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Biomedical applications of polyurethanes 2001 vermette

TISSUE ENGINEERING INTELLIGENCE UNIT 6

Patrick Vermette, Hans J. Griesser, Gaétan Laroche
and Robert Guidoin

Biomedical Applications
of Polyurethanes


TISSUE
ENGINEERING
INTELLIGENCE
UNIT 6

Biomedical Applications
of Polyurethanes
Patrick Vermette
Hans J. Griesser
CSIRO Molecular Science
Clayton South, Australia
The Cooperative Research Centre

for Eye Research and Technology (CRCERT)
The University of New South Wales
Sydney, Australia

Gaétan Laroche
Robert Guidoin
Institut des Biomatériaux du Québec,
Hôpital St-François d'Assise
Centre Hospitalier Universitaire de Québec
Québec, Canada

LANDES BIOSCIENCE
GEORGETOWN, TEXAS
U.S.A.

EUREKAH.COM
AUSTIN, TEXAS
U.S.A.


BIOMEDICAL APPLICATIONS OF POLYURETHANES
Tissue Engineering Intelligence Unit
EUREKAH.COM
Landes Bioscience
Georgetown, Texas, U.S.A.
Copyright ©2001 EUREKAH.COM
All rights reserved.
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ISBN: 1-58706-023-X
While the authors, editors and publisher believe that drug selection and dosage and the specifications
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respect to material described in this book. In view of the ongoing research, equipment development,
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biomedical sciences, the reader is urged to carefully review and evaluate the information provided


herein.

Library of Congress Cataloging-in-Publication Data
Biomedical applications of polyurethanes / Patrick Vermette...[et al.].
p. ; cm. -- (Tissue engineering intelligence unit)
Includes bibliographical references and index.
ISBN 1-58706-023-X
1. Polyurethanes in medicine. 2. Biomedical engineering. 3. Artificial organs. 4.
Biomedical materials. I. Vermette, Patrick. II. Series.
[DNLM: 1. Biocompatible Materials. 2. Polyurethanes. 3. Artificial Organs. 4.
Prostheses and Implants. QT 37 B6147 2000]
R857.P64 B56 2001
610'.28--dc21
00-037184


CONTENTS
1. Synthesis, Physicochemical and Surface Characteristics
of Polyurethanes ..................................................................................... 1
Martin Castonguay, Jeffrey T. Koberstein, Ze Zhang, and Gaétan Laroche
1.1 Introduction .................................................................................... 1
1.2 Chemistry ........................................................................................ 2
1.3 How to Control Physicochemical and Mechanical Properties
of Polyurethanes? ........................................................................... 8
1.4 Thermotropic Behavior of Polyurethanes ....................................... 13
1.5 Comparison of Mechanical Properties
of Biomedical Polyurethanes with Other Biomedical Grade
Polymers ..................................................................................... 14
1.6 Surface Characteristics of Polyurethanes ........................................ 16
1.7 Conclusion .................................................................................... 19
2. Commercial Production of Polyurethanes ............................................ 22
Stéphane Lévesque, Denis Rodrigue, Patrick Vermette,
and Pathiraja Gunatillake
2.1 Introduction .................................................................................. 22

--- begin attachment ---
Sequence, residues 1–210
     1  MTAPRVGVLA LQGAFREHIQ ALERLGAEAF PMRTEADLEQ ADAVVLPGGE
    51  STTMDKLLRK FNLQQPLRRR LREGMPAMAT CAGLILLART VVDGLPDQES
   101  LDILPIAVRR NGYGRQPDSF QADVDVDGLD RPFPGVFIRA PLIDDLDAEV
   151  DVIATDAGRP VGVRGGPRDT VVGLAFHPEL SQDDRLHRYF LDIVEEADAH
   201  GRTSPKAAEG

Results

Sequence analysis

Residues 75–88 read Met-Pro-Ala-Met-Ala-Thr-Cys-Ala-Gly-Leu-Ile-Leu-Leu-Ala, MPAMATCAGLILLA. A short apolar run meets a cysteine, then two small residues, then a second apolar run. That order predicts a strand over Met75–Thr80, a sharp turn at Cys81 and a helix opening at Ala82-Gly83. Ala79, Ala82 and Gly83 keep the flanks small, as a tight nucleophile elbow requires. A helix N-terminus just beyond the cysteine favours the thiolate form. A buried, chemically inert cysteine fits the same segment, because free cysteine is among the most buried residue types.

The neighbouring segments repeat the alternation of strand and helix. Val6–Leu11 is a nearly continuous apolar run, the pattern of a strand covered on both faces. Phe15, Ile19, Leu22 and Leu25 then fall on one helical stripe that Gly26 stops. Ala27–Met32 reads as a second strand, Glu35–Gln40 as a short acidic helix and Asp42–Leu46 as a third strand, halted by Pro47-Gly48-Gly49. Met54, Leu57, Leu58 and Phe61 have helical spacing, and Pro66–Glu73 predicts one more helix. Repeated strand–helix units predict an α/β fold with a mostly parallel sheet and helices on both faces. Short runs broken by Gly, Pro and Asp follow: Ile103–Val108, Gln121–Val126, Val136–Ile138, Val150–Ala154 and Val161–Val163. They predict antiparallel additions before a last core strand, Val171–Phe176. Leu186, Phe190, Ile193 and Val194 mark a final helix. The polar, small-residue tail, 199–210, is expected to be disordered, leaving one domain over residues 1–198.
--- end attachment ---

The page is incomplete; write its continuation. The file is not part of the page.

2.2 History .......................................................................................... 22
2.3 Manufacture of Polyurethane ......................................................... 28
2.4 Conclusion .................................................................................... 48
2.5 Acknowledgments .......................................................................... 48
3. Additives in Biomedical Polyurethanes................................................. 55
Nathalie Dubé, Sahar Al-Malaika, Gaétan Laroche, and Patrick Vermette
3.1 Introduction .................................................................................. 55
3.2 Classification of Plastics’ Additives ................................................. 55
3.3 Additives Used in Biomedical-Grade Polyurethanes ....................... 57
3.4 Conclusion .................................................................................... 74
4. Biocompatibility of Polyurethanes ....................................................... 77
Yves Marois and Robert Guidoin
4.1 Introduction .................................................................................. 77
4.2 Biocompatibility ............................................................................ 78
4.3 Blood Compatibility of Polyurethanes ........................................... 81
4.4 Biocompatibility of Polyurethanes ................................................. 86
4.5 Effect of Protein Adsorption on Polyurethanes .............................. 89
5. Biomedical Degradation of Polyurethanes ............................................ 97
Patrick Vermette, Stéphane Lévesque, and Hans J. Griesser
5.1 Introduction .................................................................................. 97
5.2 Methods for the Assessment of Polyurethane Degradation ........... 100
5.3 Influence of Manufacturing Process on Polyurethane Stability ..... 109
5.4 Biodegradation of Polyurethanes .................................................. 114
5.5 Biological Activity Involved in Polyurethane Biodegradation ....... 118
5.6 Pathways of Polyurethanes Biodegradation .................................. 120
5.7 Accelerated Testing Models ......................................................... 128